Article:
• Adas Israel’s Weekend of Tikkun Olam. This weekend of learning features a such guests as Imam Talib M. Shareef of Masjid Muhammad, the Nation’s Mosque; and Jared Jackson of Jews in All Hues. (I attended one of their programs a few years ago and wrote about it here.) Also a joint service at the Peoples Congregational United Church of Christ, and more!
  • Gather the Jews compiled a list of links to sign up for various days of service this Monday.

Tu B’Shevat

Chag sameach!

Wrapping up on Chanukah and looking forward to upcoming events in 2015

Regarding current events, this certainly wasn’t the way that I had hoped to start off the secular new year. So before we get into that, allow me to recap on Chanukah 5775.

The Chanukah candles burn low and this printout explains Chag HaBanot / photo taken by Rachel Mauro

I spent a fair bit of the holiday at home, as I was slowly unpacking my new condo. But I did make it out to two larger events in the Jewish community—a celebration with the Sixth & I’s Not Your Bubbe’s Sisterhood and a lighting/civil rights vigil at Adas Israel.

The Sisterhood event, as led by Rabbi Sarah Tasman, chronicled Chag HaBanot, the Festival of Daughters, which was celebrated in North African countries on the seventh night of Chanukah. It’s also a commemoration of the story of Judith, who through subterfuge killed a general in an enemy army. A similar concept to the story of the Maccabees, which is the story of Chanukah proper.

Although we had our event on the second night of Chanukah, traditionally it’s celebrated on the seventh. As a group we lit our entire menorahs, stopping at each candle to reflect on various women—teachers, leaders, family members. There were around 20-30 women in attendance and it was such a nice environment of camaraderie. I look forward to attending more Sisterhood events in the future!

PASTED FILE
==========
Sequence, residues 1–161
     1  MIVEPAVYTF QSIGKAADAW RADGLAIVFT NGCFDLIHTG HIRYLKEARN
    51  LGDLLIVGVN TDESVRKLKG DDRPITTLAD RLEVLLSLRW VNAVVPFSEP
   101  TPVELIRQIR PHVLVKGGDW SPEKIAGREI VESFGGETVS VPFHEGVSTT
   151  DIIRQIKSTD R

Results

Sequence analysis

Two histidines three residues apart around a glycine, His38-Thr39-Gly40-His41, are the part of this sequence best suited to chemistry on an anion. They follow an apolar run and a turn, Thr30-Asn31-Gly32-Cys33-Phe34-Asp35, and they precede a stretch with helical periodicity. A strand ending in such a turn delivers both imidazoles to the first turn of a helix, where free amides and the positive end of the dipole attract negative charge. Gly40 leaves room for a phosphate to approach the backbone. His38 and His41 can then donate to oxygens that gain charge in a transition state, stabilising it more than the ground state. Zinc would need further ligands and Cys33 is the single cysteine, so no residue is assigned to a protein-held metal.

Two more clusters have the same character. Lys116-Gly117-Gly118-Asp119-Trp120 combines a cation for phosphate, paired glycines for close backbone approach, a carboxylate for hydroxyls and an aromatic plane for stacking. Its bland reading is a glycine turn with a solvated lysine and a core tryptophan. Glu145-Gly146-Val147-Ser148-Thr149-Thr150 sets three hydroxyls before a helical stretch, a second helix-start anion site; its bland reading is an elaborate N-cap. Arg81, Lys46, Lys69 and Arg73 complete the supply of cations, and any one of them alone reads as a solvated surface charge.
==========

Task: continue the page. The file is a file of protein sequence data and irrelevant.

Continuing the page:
Congregants stand vigil for the Adas Israel civil rights solidarity Chanukah lighting / photo taken by Rachel Mauro

On the next night of Chanukah I was on the steps of Adas Israel for Light Up the Darkness! A Chanukah Solidarity Gathering for Civil Rights and Human Life. As led by Rabbi Lauren Holtzblatt, we sang Hebrew prayers and “This Little Light Of Mine,” specifically invoking the protests in Ferguson and the recent deaths of unarmed Black men. After the candle lighting, some members of the community took signs and stood on the sidewalk near the synagogue for a short vigil.

Disregard for human life, unfortunately, is a global issue, as recent events in Paris have shown. The deadly attack on the Charlie Hedbo newspaper, presumably over the publication of offensive images of the Prophet Muhammad, culminated in the murder of four Jewish men on the eve of Shabbat at a Kosher market, baruch dayan emet. As the French Jewish community and the one worldwide react to this news, some organizations in DC are organizing community events to commemorate this tragedy. Please feel free to comment with those not listed here!